A night after a sluggish performance on both ends of the floor in a loss to Charlotte, the Magic rebounded in a very big way. If the Magic’s loss/win sequence seems familiar, it happened in similar fashion just 10 days earlier. A night after playing poorly on the defensive end in a 126-121 loss to Brooklyn on Oct. 20, the Magic drilled 17 3-pointers to whip LeBron James and the Cavaliers in Cleveland. This time, Orlando was once again able to gut through the fatigue from a road-to-road back-to-back and play some of its best basketball of the season again.

``We can be proud of ourselves because we’ve won two games on the second night of a back-to-back on the road and that’s the hardest thing to do in NBA basketball,’’ said Magic guard Evan Fournier, who had 20 points, four 3-pointers and four assists. ``We should have the same mindset all the time. In the second half, we had a great defensive mindset and that’s how we should play for 82 games. So, this was a good win.’’

Orlando got that good win because it got back to sharing the basketball, canning 3-pointers at a high rate and riding strong performances from several players on the roster to turn back the brilliance of Davis, who finished with 39 points, 10 rebounds and three blocked shots. Only 13 of those came after halftime as the Magic cranked up the defense and befuddled the big man with Speights’ shooting on the other end of the floor.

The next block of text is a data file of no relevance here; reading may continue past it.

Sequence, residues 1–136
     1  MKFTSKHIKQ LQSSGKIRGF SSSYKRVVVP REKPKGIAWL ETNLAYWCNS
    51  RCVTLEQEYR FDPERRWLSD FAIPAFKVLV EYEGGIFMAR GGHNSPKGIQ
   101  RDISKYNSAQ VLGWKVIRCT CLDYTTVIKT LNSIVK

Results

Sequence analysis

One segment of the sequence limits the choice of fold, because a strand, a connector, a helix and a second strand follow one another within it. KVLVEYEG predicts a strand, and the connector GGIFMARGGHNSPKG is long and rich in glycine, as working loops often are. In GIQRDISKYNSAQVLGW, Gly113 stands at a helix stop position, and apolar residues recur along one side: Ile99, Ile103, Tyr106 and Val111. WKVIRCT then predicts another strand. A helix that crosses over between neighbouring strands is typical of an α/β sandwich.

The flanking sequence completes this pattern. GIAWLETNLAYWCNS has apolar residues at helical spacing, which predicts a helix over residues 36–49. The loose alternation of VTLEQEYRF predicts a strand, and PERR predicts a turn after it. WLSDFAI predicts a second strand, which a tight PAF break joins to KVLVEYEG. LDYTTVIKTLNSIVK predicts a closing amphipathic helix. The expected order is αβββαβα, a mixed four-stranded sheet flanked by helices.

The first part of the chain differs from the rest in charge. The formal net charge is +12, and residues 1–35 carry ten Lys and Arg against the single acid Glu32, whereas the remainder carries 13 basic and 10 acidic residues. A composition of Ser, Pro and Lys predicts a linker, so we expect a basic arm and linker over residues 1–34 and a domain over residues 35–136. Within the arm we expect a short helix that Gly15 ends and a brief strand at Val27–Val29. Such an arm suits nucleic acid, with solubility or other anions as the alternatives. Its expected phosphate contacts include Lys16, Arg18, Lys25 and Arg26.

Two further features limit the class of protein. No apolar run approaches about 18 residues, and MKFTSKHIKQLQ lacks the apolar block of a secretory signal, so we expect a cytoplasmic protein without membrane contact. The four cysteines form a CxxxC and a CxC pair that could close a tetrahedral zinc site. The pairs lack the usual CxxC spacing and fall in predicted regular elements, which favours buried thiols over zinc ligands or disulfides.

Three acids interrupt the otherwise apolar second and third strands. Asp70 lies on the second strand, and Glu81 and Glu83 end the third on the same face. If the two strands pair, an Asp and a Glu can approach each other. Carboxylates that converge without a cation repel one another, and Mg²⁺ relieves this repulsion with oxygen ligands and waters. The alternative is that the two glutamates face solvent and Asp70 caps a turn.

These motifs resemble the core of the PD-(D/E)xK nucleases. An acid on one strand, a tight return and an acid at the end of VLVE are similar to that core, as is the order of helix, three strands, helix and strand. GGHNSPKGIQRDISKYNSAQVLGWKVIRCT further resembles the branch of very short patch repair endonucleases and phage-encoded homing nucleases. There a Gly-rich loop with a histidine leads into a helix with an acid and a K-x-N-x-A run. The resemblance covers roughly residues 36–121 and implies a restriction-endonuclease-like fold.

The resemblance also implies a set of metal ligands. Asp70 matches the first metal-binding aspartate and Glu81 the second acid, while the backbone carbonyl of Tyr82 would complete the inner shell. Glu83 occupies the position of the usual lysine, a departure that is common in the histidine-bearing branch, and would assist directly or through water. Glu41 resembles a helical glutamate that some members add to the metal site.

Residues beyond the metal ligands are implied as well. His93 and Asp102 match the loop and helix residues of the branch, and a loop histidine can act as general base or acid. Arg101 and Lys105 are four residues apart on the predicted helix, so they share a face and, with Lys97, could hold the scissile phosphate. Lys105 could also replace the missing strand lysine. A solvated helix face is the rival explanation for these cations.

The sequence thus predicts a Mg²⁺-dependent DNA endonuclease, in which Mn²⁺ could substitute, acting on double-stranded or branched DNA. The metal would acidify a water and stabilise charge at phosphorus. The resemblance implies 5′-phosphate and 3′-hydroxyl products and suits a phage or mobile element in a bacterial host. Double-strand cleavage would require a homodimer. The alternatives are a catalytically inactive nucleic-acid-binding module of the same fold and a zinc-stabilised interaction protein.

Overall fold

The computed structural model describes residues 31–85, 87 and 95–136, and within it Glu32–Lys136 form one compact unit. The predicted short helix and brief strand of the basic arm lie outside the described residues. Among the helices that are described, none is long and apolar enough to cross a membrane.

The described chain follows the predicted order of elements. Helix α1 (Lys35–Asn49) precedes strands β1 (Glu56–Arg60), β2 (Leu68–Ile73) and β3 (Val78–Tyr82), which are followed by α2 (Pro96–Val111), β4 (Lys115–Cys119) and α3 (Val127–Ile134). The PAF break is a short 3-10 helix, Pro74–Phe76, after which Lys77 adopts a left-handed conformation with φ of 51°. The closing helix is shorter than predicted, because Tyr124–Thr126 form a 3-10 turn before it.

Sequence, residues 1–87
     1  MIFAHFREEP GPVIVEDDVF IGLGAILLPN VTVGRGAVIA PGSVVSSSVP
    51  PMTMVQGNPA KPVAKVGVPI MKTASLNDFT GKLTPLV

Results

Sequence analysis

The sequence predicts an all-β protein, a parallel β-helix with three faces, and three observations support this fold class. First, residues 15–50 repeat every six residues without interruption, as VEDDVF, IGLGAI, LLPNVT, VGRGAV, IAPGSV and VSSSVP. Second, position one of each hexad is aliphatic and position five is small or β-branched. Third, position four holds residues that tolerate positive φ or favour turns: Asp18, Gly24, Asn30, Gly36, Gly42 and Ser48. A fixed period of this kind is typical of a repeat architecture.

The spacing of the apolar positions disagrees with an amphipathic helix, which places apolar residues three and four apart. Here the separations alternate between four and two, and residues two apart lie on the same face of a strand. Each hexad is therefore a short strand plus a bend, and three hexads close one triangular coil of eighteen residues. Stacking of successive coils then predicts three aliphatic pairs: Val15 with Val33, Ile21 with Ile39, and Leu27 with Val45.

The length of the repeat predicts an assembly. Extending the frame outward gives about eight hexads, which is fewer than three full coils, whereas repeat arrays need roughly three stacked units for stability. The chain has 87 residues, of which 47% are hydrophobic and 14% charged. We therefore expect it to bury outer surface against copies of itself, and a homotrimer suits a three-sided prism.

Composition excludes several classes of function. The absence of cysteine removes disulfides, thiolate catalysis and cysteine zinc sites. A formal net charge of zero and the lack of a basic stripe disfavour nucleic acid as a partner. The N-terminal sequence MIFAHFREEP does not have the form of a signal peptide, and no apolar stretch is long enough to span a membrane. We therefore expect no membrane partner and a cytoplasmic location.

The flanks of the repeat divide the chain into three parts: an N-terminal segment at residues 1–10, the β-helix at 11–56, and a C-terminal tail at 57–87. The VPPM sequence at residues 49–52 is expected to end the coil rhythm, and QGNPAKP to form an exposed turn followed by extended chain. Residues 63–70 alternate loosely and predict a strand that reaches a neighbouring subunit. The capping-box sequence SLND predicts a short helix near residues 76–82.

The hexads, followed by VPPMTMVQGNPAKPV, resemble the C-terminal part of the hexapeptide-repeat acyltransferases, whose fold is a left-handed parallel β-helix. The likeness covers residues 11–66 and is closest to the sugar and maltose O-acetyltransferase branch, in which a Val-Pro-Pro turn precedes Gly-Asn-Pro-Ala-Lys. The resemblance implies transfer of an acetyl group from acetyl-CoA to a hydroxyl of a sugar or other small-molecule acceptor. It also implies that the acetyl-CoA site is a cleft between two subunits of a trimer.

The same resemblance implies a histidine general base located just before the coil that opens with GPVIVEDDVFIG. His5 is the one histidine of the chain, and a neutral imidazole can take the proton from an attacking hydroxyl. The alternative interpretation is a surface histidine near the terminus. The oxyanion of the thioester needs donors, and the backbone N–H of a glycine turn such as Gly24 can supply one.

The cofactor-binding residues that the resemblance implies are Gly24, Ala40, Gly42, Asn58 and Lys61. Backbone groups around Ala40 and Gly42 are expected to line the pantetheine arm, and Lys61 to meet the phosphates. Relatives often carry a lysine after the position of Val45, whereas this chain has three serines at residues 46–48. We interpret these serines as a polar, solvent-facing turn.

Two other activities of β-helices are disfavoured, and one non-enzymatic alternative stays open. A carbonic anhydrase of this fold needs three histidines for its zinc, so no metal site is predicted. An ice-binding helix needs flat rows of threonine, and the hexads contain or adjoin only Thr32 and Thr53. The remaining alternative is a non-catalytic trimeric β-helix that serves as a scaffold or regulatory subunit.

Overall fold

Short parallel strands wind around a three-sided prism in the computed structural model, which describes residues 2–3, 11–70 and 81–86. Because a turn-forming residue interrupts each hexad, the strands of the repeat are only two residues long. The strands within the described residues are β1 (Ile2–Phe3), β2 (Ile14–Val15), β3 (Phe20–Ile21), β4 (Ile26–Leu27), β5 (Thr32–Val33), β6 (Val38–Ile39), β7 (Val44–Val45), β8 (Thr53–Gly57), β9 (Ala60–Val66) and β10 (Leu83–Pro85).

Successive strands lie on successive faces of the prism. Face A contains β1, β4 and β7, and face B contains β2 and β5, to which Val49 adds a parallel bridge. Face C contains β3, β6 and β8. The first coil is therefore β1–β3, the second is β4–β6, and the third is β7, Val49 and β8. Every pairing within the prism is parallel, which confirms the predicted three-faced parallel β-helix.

Nikola Vucevic (20 points, eight rebounds and three assists) and and Aaron Gordon (17 points, seven rebounds and two steals) were solid as usual, but it was the tremendous lift from reserves such as Jonathon Simmons (20 points, six rebounds and four assists) and Speights that deserved most of the credit for this victory.

Speights, a 10-year veteran, is basically Orlando’s version of a break-glass-in-case-of-emergency weapon off the bench. Speights scored 12 points in the four-plus-minute burst to start the fourth quarter to send the Magic on their way to their fifth win in seven games.

The most exhilarating moment of the night for the Magic came with 7:15 to play when Speights drilled corner 3-pointer to give Orlando a 106-89 lead. One Magic player after another came storming off the bench to congratulate Speights and Fournier was the first to reach him, crashing into the big man for a joyous chest bump.

``All of these guys are cool guys and they were just happy for me to hit those shots,’’ Speights said of the celebratory chest bumps with his teammates. ``We’re just happy that we got a good win. We’ve got good guys here and we did what we had to do.’’

A night after scoring a career-best 27 points in Charlotte, Simmons did plenty on Monday night. Attacking the rim relentlessly, he made seven of 12 shots, he drilled a 3-pointer and connected on all five of his free throws. Vogel said before the game that Simmons has greatly exceeded his expectations already and the guard said he is simply taking advantage of the expanded opportunity that Orlando has afforded him.